The electrode member 130 is disposed oppositely from the piezoelectric member 110. In one embodiment, the electrode member 130 includes a conductive substrate 132, such as a silicon layer upon which may be disposed a silicon dioxide layer 134 (in some embodiments, the silicon dioxide layer 134 is merely an artifact of the fabrication process and can be removed). Upon the conductive substrate is a conductive metal layer 136 that is used as a seed material from which a plurality of elongated carbon nanotubes 142 is grown. A conductive sheath 144 surrounds each of the carbon nanotubes 142 to form a plurality of plurality of conductive structures 140 extending from the conductive substrate 132. In one embodiment, the metal layer 136 includes iron and the conductive sheath 144 includes a metal such as gold (although other metals could be used, depending on the specific application).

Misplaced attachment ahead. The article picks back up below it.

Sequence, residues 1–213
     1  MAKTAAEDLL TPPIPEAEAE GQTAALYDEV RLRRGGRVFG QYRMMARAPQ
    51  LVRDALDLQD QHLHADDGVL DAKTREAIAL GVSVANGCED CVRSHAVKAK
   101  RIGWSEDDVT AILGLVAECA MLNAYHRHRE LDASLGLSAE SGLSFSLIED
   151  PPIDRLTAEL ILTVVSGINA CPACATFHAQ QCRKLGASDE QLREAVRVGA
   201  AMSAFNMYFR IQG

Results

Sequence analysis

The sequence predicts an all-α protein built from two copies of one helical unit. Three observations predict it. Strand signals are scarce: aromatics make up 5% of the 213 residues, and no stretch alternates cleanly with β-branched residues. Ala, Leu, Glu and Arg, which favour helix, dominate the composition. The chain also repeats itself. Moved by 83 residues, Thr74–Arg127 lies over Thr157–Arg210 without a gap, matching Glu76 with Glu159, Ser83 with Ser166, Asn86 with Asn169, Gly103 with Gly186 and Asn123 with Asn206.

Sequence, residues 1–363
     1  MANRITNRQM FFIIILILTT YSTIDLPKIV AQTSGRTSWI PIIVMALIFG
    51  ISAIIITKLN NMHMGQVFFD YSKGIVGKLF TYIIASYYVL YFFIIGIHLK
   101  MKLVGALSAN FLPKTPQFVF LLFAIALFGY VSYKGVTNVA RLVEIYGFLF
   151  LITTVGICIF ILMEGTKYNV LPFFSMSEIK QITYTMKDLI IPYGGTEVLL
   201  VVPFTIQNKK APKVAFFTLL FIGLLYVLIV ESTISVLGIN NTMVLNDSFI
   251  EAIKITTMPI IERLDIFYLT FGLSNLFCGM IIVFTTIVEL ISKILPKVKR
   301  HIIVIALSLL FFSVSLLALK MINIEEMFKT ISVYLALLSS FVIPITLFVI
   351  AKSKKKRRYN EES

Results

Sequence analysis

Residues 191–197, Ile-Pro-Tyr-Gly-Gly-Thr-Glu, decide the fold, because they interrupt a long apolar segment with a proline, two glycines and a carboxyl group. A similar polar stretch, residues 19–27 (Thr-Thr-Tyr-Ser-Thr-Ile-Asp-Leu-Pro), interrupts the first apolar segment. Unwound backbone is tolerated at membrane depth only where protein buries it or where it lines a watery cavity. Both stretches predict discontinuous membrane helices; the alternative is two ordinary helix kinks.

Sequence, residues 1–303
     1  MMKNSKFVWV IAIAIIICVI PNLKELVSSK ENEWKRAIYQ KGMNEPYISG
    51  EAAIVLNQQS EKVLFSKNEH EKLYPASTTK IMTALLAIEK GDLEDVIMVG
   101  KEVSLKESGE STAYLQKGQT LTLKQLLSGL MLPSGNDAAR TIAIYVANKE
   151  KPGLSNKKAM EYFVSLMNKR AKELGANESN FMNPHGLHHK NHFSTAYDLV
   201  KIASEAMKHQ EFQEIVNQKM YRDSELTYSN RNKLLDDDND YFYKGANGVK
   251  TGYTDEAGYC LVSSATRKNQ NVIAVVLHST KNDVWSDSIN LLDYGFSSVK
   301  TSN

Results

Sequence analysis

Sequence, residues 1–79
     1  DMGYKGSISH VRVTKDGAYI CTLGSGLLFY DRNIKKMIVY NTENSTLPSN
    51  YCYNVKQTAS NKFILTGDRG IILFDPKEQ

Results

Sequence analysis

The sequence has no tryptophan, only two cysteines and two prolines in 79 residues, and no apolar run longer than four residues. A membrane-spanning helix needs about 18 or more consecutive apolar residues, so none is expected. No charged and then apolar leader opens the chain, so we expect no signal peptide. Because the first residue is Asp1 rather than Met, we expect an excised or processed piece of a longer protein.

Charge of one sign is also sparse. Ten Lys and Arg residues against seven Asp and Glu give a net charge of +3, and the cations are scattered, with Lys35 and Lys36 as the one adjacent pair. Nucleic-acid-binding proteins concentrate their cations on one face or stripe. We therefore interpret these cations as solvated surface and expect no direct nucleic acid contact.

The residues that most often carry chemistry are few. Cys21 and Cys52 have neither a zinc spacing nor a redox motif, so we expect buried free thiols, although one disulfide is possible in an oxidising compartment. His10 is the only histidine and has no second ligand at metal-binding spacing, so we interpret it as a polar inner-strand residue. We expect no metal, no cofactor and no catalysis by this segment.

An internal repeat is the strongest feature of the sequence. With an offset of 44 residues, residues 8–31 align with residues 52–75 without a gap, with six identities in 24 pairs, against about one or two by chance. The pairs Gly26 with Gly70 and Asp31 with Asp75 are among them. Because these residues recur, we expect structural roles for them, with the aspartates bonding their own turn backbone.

As shown in
A typical embodiment is shown in
An alternate embodiment of a generator 200 employing a corrugated conductive nanostructure 220 is shown in
Another alternate embodiment of a generator 300 is shown in
In one method of making a generator, carbon nanotubes are grown from a metal seed layer (such as iron) using chemical vapor deposition or one of the other well know methods of growing carbon nanotubes. The piezoelectric sheath may be added to the carbon nanotubes through such well known methods as: sputtering, evaporation, molecular beam epitaxy and ion-assisted deposition (or with other known to the art, such as: chemical vapor deposition, sol-gel, physical vapor deposition, etc.) Coating of the carbon nanotubes in the electrode member with a conductive metal layer can be accomplished through such methods as metal evaporation and sputtering.